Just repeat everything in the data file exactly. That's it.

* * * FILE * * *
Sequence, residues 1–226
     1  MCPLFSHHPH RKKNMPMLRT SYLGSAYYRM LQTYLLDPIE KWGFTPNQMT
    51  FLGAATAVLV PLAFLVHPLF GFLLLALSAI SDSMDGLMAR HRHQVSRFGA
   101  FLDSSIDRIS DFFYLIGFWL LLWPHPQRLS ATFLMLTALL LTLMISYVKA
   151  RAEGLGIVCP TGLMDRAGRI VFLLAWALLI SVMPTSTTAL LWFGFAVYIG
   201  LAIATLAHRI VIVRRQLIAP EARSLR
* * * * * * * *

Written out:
Sequence, residues 1–226
     1  MCPLFSHHPH RKKNMPMLRT SYLGSAYYRM LQTYLLDPIE KWGFTPNQMT
    51  FLGAATAVLV PLAFLVHPLF GFLLLALSAI SDSMDGLMAR HRHQVSRFGA
   101  FLDSSIDRIS DFFYLIGFWL LLWPHPQRLS ATFLMLTALL LTLMISYVKA
   151  RAEGLGIVCP TGLMDRAGRI VFLLAWALLI SVMPTSTTAL LWFGFAVYIG
   201  LAIATLAHRI VIVRRQLIAP EARSLR